sat tips

 
Home SAT Verbal Tips  

SAT Verbal Tips

SAT Math Tips

SAT Exam FAQs

SAT II Exam FAQs

Submit SAT Tips

SAT Prep

SAT Exam Dates

Register for the SAT

Tip 1: Acing the SAT Essay Test Even If You're a Bad Writer: A Step by Step Guide Part I - A Step by Step Guide for Acing the Essay Portion of the New SAT even one considers himself-herself a bad writer.

Tip2: SAT Essay - How to Write a Quick and Easy Essay - Writing your SAT essay doesn't have to be difficult or exhausting. Use the following formula to help you write the best essay possible in least amount of time.

 

Tip 1 : Acing the SAT Essay Test Even If You're a Bad Writer: A Step by Step Guide Part I

By John Liu

As if the multiple choice questions weren't enough, the New SAT requires test takers to provide a sample of their writing in the form of an essay. You might think to yourself: "I'm a horrible writer. How the heck will I be able to get through this portion of the test?"

Don't worry. Even if you consider yourself to be a "horrible writer," the SAT essay portion is the easiest portion of the test that a test taker can "train" for. The SAT essay counts for one third of your Writing section score and it should be the easiest section to do well on.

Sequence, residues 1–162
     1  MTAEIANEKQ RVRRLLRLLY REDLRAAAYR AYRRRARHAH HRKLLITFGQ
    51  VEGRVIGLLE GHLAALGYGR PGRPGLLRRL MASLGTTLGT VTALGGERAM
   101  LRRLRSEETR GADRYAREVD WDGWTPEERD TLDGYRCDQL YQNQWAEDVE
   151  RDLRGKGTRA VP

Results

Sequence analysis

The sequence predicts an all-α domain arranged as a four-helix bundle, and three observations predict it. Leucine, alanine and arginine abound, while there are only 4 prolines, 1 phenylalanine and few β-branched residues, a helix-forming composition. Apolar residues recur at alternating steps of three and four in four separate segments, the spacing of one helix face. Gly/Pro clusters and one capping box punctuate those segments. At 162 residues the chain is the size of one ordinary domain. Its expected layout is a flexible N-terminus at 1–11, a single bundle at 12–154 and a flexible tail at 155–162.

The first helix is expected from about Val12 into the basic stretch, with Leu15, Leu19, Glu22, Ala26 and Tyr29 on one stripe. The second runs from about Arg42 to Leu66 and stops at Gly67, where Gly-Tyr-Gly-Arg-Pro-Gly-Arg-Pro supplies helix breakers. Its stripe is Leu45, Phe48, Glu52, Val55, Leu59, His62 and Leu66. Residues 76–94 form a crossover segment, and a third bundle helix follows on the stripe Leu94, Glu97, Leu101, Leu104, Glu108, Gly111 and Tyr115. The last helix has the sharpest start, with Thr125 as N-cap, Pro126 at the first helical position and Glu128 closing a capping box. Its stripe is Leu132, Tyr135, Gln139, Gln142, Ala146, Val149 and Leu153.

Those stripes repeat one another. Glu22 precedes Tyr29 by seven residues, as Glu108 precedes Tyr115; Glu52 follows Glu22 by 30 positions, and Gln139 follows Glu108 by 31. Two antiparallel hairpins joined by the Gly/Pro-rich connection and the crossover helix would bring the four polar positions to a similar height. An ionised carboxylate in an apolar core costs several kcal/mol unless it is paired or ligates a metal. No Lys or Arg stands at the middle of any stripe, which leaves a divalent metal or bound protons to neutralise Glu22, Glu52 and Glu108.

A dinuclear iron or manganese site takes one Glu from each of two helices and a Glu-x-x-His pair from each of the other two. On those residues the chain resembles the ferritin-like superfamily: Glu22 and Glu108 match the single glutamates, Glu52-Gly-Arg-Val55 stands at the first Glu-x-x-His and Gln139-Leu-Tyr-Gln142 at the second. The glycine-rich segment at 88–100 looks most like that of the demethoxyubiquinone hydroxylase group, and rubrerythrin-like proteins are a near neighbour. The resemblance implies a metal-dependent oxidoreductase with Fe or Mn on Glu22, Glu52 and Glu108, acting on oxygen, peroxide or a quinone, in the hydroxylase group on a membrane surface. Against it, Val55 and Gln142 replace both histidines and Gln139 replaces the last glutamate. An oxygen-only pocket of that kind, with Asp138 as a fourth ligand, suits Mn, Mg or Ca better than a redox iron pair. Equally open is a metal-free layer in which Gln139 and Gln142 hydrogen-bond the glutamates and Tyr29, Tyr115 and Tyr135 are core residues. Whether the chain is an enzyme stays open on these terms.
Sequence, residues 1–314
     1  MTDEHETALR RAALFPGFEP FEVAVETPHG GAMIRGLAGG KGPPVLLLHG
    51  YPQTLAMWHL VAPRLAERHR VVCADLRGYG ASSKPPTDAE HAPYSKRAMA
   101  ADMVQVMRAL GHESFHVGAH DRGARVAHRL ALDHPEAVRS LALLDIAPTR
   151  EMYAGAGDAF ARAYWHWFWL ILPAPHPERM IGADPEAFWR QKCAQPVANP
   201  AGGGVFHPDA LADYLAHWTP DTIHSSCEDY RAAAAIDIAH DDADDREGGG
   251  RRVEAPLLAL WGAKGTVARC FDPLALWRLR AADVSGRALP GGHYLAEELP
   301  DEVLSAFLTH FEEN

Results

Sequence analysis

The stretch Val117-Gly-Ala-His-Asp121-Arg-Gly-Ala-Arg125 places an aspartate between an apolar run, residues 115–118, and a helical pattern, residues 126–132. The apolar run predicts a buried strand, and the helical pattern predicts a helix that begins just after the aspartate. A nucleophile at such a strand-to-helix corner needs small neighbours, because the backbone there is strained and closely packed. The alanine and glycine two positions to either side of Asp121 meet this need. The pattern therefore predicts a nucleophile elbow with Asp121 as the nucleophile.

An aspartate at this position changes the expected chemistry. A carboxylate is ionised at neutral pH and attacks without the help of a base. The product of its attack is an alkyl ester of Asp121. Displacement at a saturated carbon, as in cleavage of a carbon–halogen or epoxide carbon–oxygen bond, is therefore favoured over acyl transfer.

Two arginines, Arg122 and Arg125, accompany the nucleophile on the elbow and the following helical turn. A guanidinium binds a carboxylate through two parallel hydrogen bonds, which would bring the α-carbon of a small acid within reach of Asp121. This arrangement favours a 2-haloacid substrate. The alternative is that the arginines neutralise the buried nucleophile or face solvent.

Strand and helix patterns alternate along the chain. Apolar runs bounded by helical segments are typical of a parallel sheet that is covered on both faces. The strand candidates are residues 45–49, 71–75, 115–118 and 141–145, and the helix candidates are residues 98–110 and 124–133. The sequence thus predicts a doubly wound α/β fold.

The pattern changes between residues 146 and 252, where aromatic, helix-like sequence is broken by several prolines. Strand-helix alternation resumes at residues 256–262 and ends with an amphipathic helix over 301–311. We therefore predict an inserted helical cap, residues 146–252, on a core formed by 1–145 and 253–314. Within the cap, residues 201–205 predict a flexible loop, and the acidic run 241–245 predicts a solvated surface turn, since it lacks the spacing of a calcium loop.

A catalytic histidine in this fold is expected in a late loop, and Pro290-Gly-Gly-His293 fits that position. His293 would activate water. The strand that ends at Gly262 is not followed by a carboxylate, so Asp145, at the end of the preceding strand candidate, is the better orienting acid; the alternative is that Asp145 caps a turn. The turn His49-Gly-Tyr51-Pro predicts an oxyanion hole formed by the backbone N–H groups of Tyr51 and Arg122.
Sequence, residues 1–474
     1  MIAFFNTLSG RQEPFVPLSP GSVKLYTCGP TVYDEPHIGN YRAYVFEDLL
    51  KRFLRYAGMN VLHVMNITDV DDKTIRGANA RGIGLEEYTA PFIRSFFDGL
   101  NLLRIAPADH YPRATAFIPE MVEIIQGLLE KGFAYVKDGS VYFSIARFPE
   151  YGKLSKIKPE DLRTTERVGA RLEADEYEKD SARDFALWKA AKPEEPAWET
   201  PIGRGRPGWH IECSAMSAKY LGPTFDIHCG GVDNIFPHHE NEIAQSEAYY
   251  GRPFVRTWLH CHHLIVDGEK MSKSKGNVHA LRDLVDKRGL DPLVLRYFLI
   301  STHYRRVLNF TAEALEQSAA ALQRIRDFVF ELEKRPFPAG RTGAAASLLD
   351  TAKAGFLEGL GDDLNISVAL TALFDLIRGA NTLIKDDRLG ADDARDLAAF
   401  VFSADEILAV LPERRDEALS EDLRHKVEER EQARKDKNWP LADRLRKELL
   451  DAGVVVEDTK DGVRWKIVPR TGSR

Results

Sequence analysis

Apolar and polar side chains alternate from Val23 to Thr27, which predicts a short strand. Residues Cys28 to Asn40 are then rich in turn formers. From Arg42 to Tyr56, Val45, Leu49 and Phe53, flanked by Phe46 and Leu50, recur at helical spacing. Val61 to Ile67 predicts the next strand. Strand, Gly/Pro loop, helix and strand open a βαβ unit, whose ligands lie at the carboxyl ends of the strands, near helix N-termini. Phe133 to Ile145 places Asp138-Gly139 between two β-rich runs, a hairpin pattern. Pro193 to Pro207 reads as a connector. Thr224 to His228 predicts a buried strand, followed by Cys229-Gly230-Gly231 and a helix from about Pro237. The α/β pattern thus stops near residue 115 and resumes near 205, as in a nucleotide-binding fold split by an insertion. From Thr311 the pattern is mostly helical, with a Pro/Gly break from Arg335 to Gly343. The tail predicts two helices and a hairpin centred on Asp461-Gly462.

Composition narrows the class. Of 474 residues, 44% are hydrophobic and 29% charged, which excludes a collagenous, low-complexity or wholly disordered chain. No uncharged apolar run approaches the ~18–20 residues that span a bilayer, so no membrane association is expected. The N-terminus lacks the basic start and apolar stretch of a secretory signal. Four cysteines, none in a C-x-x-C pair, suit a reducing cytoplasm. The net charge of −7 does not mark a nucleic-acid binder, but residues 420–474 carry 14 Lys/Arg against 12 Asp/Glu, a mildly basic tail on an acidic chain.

Format: You have twenty five minutes. Therefore you should aim to write a 5 paragraph essay with an introduction, 3 body paragraphs and a conclusion. Five minutes a paragraph? Think that's impossible? Read on to find out.

Introduction The essay prompt will usually have a question with two sides to it. Your job is to pick a side and explain why you chose it.

Sample Prompt: Do you think the government has too much power or do you think the government has to little power?

So now its up to you to pick which side you want to support. It doesn't matter if you don't agree with the side you decide to write about. You should pick the side that you know about the most. If you can think of many examples on why the government has too much power, then go ahead and write about that.

After deciding what side to support you will then have to pick examples to support your side. Three good examples or two great ones is usually the right amount. Avoid just doing one. Most importantly avoid hypothetical examples. Make sure your example are from movies, books, or recent events.